A proud Georges Kern reigns over a mighty crowd at Breitling’s 2019 Summit here in Los Angeles, writes Ariel Adams, founder and publisher of aBlogtoWatch. The mood is uncommonly (given the times) positive as bright colours and beautiful people mingle at the well-populated, still fresh event series that began at the Four Seasons hotel in Beverly Hills.
Breitling Summits are a new concept designed to replace participation at shows such as Baselworld for strengthening relationships with retailers and members of the media. In a world where watch brands need to be represented all over the world in seemingly equal strength, the Summit series is a wise idea.
I don’t think it replaces the industry networking value only available at collective events such as Baselworld, but when it comes to penetrating retail and editorial attention – a mono-brand event can’t be beat.
Since leaving the Richemont Group where he held a very high position, Georges Kern has been both transformed and refined. CVC Capital hired him to run Breitling after his notable time leading IWC. The watch industry feared that Breitling – a strong and sound brand that represented traditional Swiss timepiece luxury values – could be led astray given that CVC Capital had at the time no luxury watch brand experience. So far any fears about a “harmed” Breitling have been unfounded and Mr. Kern has done a pretty incredible job by most measures.
The key to success? It seems that a combination of both Mr. Kern’s invaluable leadership style and experience, and his new parent company’s willingness to give him the freedom to act. Choice and risk tolerance have allowed Mr. Kern to make Breitling a brand that many people in the watch industry see as one of the brighter lamps in the room.
In addition to a forum to announce new products, brand relationships, and key facts and figures, the Breitling Summit is turning out to be an invaluable opportunity to understand from a strategic standpoint what Breitling is up to. Between my various discussions with Mr. Georges Kern and the top Breitling management team, I’ve summed up below what I believe are the five most important takeaway messages from the Breitling Summit about the brand’s current strategies and plans.
Now Is the Time for Financial Investment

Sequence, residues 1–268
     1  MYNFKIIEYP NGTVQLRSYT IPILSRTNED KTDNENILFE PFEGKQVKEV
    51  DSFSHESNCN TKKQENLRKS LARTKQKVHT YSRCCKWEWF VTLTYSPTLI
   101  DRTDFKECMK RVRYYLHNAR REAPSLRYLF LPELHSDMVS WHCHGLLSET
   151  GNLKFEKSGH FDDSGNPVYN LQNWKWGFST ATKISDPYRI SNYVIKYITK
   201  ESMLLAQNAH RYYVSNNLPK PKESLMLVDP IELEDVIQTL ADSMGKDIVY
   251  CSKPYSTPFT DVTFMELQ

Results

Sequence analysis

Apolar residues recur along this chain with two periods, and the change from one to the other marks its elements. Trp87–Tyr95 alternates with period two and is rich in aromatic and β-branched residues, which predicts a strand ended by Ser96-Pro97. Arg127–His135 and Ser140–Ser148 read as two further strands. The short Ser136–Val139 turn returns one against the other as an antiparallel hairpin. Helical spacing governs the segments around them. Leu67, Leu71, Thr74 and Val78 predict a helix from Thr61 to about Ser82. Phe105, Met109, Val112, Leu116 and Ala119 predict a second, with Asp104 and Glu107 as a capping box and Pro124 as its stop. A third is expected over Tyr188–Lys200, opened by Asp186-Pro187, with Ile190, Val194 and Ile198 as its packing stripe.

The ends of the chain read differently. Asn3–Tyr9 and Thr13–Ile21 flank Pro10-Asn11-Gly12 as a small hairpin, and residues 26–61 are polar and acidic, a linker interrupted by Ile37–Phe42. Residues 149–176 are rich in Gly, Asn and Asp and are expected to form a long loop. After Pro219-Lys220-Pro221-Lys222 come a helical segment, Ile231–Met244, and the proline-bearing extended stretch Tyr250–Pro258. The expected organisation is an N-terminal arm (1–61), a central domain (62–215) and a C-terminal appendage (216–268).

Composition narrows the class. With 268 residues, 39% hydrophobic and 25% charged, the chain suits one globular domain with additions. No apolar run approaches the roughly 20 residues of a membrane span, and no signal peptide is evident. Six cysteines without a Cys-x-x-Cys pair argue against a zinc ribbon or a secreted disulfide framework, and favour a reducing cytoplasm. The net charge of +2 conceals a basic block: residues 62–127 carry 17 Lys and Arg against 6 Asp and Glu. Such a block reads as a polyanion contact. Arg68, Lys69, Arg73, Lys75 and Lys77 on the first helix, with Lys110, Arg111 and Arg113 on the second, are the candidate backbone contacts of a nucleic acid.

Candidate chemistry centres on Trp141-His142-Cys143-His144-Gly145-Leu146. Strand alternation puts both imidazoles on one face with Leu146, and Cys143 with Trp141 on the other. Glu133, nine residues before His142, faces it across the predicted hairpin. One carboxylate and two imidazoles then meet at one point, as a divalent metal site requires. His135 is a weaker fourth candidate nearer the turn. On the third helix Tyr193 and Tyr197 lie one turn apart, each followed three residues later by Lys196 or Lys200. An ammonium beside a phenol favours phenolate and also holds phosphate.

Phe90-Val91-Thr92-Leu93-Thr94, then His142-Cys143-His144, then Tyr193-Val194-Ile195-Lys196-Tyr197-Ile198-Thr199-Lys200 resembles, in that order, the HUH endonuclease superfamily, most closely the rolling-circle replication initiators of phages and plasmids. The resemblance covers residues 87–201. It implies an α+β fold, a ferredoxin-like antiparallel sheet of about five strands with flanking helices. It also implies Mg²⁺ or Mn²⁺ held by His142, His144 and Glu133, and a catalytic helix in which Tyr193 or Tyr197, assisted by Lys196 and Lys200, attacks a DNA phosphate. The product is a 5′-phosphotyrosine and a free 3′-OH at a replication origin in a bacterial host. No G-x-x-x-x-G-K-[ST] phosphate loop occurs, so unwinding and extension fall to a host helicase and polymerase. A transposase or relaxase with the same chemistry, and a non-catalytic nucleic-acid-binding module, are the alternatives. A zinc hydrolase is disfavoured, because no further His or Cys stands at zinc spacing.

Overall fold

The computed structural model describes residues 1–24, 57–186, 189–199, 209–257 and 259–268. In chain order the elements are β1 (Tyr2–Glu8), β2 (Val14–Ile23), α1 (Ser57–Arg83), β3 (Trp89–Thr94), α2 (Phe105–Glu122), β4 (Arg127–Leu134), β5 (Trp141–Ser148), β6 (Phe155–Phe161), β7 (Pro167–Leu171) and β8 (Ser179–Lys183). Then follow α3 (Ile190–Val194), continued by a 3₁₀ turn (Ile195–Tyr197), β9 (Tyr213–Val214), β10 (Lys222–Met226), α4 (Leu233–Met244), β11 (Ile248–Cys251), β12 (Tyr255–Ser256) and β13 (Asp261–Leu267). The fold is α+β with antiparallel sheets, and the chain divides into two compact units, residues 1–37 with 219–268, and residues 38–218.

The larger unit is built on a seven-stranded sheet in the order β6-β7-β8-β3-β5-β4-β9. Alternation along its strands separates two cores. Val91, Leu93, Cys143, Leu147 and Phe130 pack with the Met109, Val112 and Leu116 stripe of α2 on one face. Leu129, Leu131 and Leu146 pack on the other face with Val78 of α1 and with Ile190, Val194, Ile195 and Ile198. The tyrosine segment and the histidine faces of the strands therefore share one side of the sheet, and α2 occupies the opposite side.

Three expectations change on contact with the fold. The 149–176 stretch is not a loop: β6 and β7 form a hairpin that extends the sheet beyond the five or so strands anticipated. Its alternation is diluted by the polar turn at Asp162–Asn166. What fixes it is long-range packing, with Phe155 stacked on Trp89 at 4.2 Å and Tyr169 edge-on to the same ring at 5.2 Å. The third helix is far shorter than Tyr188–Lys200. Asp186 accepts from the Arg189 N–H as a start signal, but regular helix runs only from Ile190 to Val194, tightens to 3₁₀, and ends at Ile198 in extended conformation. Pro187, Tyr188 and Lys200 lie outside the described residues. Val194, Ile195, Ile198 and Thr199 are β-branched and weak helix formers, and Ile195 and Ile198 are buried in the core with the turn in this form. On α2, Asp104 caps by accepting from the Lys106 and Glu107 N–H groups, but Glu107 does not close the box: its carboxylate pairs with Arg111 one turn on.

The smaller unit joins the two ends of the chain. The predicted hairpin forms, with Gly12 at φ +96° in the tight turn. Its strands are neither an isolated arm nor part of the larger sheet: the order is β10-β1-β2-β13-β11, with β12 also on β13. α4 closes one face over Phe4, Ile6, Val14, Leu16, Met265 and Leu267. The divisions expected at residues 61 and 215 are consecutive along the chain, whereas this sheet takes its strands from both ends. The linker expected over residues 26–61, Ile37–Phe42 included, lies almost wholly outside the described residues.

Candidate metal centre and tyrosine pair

Breitling has been spending confidently. Investment over the last 18 months or so have been in a variety of directions including new hires, fresh products, novel brand marketing materials, and loads of new partnerships. Breitling is doing what most of its colleague brands are scared to death of doing – spending on the unknown. What defines the luxury watch industry today is a large degree of uncertainly about multiple areas of the business. What types of consumers will be buying your watches tomorrow? Where will they buy them? How will a brand reach them? What products do they want?
The traditionally conservative Swiss watch brands typically dislike having to answer such questions when there is little guidance. Most tend to rely on successes at other brands, and then try to emulate those strategies for their brand. These days that type of strategy is more often than not a road to nowhere. What does work is a combination of truly understanding a brand and then reformulating its core message for a new era. That is what Georges Kern has been doing and investing in, and it appears to be paying off.
Georges Kern himself wanted to shed any potential misunderstanding that a Breitling with a parent company is spending less than a wholly-owned private company would. According to Mr. Kern, Breitling today is experiencing a new era of growth and investment specifically because of the motivated parent company, and not despite it. It comments strongly on the mentality of the native Swiss giants to “sit and wait it out” anytime there are global financial issues, whereas pressure from outside the country has been crucial in forcing typically complacent brands to really reshape themselves.